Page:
PASHA & ANYA'S TURN ON WPIX

If you missed Pasha Kovalev and Anya Garnis this weekend on WPIX, here’s the video. They talk about their own dancing, Burn the Floor, and do a fairly lengthy demo.

7 Comments

  1. disclaimer: I don't follow ballroom dancing at all.

    Every time I watch Ballroom. I see very athletic dancers who are very skilled and quite well coordinated. They interpret various dance styles, costumes and so forth. It's a dazzling show.

    What I don't get is why is there so much what I call stacatto – probably the wrong word… but the extremely rapid movements. This may be like asking why is there a first position in ballet, but what's the deal with this? Is it to move the absolute quickest, with precision? I suppose it's driven by the tempo of the music? So much of ballroom seem frenetic overplayed, almost like a cartoon. Has it always been this way or is this new?

  2. Woo woo! thanks for posting this! did you catch the top 15 SYTYCD show (Nigel's top 15)? It was a fun recap before the start of Season 6. The SYTYCDism blog has all the vids up.

  3. sandero, I can't speak for the pros, but IMO, the International Latin dances showcase the contrast between speed and sudden immobility. That's part of what creates the drama. But you'll notice that the dancers never stop dancing, even in their still moments; they are still moving through weight changes to be able to push off to the next movement. To me, this shows off how the dancers are constantly using each other's momentum and movement to create the dynamic movement of the couple, something that can't be done alone. It may be that a lot of the pleasure viewers have comes from the recollection of having danced in a partnership themselves; ballroom viewers tend to be ballroom dancers, and we connect to the pleasure of the skilled partnership as much as to the spectacle. That's certainly a bid part of it for me.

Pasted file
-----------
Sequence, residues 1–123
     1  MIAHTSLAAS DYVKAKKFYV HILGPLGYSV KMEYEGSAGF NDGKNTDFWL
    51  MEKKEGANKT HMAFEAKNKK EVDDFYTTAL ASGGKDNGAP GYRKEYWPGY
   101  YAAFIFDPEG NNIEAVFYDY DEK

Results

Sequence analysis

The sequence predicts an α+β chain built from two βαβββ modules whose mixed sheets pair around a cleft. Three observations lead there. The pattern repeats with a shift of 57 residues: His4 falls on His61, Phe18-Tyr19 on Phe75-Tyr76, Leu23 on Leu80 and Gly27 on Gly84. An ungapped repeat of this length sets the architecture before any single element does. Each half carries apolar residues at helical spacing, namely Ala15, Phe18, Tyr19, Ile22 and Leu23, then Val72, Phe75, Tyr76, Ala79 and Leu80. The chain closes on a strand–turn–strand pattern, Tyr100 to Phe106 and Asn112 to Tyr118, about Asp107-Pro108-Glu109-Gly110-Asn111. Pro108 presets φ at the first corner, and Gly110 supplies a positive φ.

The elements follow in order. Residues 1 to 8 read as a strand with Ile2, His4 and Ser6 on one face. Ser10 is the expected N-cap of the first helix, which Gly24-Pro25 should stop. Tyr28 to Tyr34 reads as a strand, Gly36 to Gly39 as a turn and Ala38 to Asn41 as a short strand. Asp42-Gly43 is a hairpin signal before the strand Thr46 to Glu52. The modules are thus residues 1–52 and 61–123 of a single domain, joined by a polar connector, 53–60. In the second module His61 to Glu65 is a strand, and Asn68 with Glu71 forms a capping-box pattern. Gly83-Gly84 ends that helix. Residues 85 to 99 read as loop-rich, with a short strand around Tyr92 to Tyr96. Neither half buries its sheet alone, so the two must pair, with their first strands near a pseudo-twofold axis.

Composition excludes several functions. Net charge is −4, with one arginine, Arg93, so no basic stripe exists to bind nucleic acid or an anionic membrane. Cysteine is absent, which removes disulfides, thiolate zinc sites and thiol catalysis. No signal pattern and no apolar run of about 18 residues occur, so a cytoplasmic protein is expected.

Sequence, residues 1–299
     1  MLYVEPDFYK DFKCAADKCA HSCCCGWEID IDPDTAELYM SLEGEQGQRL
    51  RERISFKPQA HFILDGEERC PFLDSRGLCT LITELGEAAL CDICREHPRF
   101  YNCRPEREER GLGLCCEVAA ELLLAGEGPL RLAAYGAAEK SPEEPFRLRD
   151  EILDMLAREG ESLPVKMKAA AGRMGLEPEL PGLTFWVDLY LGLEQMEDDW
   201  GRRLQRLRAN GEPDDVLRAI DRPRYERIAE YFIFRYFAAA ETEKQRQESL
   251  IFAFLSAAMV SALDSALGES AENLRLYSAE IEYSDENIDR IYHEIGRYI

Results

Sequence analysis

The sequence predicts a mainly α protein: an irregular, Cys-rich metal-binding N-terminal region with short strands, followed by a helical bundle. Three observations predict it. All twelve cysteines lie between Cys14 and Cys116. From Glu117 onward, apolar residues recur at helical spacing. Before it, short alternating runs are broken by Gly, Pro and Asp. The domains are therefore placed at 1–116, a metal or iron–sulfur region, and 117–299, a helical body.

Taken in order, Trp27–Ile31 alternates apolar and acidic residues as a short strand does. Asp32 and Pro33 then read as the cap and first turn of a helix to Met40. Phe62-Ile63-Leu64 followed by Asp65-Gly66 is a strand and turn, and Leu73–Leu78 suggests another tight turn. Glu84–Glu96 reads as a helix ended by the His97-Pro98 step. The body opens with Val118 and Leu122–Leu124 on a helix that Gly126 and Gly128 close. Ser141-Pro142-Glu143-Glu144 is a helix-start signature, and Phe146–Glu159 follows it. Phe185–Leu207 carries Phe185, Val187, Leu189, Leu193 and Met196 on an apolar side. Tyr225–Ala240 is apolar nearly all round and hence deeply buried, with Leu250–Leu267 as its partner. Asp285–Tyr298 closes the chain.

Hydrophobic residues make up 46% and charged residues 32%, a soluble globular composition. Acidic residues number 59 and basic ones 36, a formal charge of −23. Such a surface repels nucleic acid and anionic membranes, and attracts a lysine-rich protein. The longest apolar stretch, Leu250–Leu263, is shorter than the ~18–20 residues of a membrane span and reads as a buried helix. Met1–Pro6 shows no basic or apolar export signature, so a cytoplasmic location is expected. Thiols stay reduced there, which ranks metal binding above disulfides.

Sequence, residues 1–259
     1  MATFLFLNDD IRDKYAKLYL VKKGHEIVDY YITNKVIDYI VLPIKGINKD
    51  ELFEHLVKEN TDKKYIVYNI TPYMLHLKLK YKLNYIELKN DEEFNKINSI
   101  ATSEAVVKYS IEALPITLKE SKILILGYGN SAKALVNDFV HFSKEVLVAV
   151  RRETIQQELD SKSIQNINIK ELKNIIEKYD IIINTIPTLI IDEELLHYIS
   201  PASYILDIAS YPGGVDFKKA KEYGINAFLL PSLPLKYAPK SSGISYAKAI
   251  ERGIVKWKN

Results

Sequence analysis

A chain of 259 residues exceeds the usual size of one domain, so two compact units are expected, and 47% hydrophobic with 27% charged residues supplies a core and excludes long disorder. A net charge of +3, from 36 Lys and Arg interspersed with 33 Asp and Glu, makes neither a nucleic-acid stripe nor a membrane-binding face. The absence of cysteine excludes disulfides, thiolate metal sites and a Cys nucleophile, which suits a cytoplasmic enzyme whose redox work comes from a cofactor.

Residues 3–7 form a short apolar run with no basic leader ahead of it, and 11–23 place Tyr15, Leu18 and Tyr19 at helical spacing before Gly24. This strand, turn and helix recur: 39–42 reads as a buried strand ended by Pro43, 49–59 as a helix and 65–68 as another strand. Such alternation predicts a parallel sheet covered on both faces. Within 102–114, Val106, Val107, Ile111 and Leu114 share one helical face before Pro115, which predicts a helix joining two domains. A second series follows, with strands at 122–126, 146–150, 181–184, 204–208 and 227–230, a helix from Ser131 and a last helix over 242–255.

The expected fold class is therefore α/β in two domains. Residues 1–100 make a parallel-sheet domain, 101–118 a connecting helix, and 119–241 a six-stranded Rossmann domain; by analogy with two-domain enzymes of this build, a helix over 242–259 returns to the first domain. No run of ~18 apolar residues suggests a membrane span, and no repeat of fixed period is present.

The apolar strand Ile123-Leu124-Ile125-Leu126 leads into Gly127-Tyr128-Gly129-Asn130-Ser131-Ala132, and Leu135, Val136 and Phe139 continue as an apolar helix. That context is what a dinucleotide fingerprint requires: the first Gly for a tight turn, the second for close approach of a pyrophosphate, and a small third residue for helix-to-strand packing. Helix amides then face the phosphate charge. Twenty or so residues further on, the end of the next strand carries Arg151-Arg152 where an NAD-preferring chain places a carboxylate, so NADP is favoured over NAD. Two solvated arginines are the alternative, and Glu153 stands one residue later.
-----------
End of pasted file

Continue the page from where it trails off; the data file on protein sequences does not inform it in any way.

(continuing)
4. OK, contrast is something. Frankly I am more attracted to “flow” for lack of a better word. It can be allegro or adagio but it has flow.

    Having contrast for the sake of contrast makes no sense. I don't get the idea of these sudden stops which contrast with the rapid movement. I don't get it. Is it difficult? Yea it looks very hard to do. But it doesn't appeal to my eye. or maybe I just don't get it.

  5. Woo woo! thanks for posting this! did you catch the top 15 SYTYCD show (Nigel's top 15)? It was a fun recap before the start of Season 6. The SYTYCDism blog has all the vids up.

  6. sandero, I can't speak for the pros, but IMO, the International Latin dances showcase the contrast between speed and sudden immobility. That's part of what creates the drama. But you'll notice that the dancers never stop dancing, even in their still moments; they are still moving through weight changes to be able to push off to the next movement. To me, this shows off how the dancers are constantly using each other's momentum and movement to create the dynamic movement of the couple, something that can't be done alone. It may be that a lot of the pleasure viewers have comes from the recollection of having danced in a partnership themselves; ballroom viewers tend to be ballroom dancers, and we connect to the pleasure of the skilled partnership as much as to the spectacle. That's certainly a bid part of it for me.

  7. OK, contrast is something. Frankly I am more attracted to “flow” for lack of a better word. It can be allegro or adagio but it has flow.

    Having contrast for the sake of contrast makes no sense. I don't get the idea of these sudden stops which contrast with the rapid movement. I don't get it. Is it difficult? Yea it looks very hard to do. But it doesn't appeal to my eye. or maybe I just don't get it.

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